Review: This tasty four-tracker is worth celebrating on a number of levels, not least the return to action of rising star Voiron. The Parisian producer has been frustratingly quiet since releasing a new edition of his popular 2016 EP "Voironzinor" on Craigie Knowes last March. Happily, "Air Voiron" is every bit as good as we'd hoped it would be. Check first the bustling bursts of breakbeats, droning analogue bass and lilting electronic melodies of "K Mvoiron", before turning your attention to the psychedelic acid lines, pitched-up vocal samples, restless drum builds and fizzing riffs of "League of Voiron". Elsewhere, "Air Voiron" sees our hero wrap IDM style melodies and bubbly electronics around a mid-tempo, house style beat, while "Voirongate" is a cheery, piano-laden jog through blissful, saucer-eyed early '90s electronica pastures.
Review: Parisian producer and DJ Voiron got his break back in 2014 with the Radome EP on Concrete Music and he's popped up on the excellent One Eyed Jacks operated by Photonz as well as Lyon's Rave or Die since then. Across his releases so far, Voiron's shown a willingness to dabble in the crawlspace between acid, electro and techno no it's no surprise to find him land on local concern Nocta Numerica Records! The Paris label may be young but they've impressed with releases from Dynarec and Cold Colours and this bright yellow Voironizer 12" is killer. The title track's usage of synths and drum samples displays a sense of humour redolent of Ceephax Acid Crew, whilst "Building Voiron" and "After Chez Oim" are delightful attempts at classic synthwave.
Review: Although better known for being one of the few European producers to fully embrace the early ethos of Detroit techno, Orlando Voorn's first love was actually electro. He's been returning to those roots a little in recent years, and here delivers another fine EP of bustling, beatbox-driven cuts as the Stalker (an alias he last used 21 years ago). There's much to enjoy throughout, from the chiming synthesizer melodies, wiggly acid bass and body-popping beats of "Electrocute" and warped electrofunk shuffle of "Tech The Soul", to the razor-sharp, high register acid lines, deep space chords and booming bass of "Solar System". We're not sure whether these tracks are brand new or rediscovered archive gems; either way, the EP is a thrilling blast from the past.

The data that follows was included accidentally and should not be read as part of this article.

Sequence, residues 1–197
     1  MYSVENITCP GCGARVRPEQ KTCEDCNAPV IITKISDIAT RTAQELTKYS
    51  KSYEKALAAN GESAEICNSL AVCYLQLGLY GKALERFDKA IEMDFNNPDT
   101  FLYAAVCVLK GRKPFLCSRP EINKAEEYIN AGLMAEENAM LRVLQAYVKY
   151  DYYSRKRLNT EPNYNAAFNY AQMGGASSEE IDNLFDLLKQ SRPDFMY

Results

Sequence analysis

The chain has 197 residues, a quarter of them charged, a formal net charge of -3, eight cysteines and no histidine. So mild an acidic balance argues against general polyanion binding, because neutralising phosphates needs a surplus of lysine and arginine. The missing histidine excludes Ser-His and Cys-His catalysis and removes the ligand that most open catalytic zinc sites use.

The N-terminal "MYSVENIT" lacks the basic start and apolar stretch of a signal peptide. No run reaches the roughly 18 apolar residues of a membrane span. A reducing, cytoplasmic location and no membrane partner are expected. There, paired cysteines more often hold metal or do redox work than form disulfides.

Review: Following up a terrific 2018 that closed out with a killer output by Robert Dietz, Jensen Interceptor and Hugo Massien, U.K. label E-Beamz are back with more throwback sounds, this time courtesy of the enigmatic Vort who makes an impressive debut on the label here. From the brooding underwater electro-funk of killer opener "50 Yen", the rolling junglist stepper "Rainfall" to the depth charged yet emotive soul of "Tulip", Vort is keeping a low profile at present but we are pretty sure you'll be hearing more from this promising producer in this year.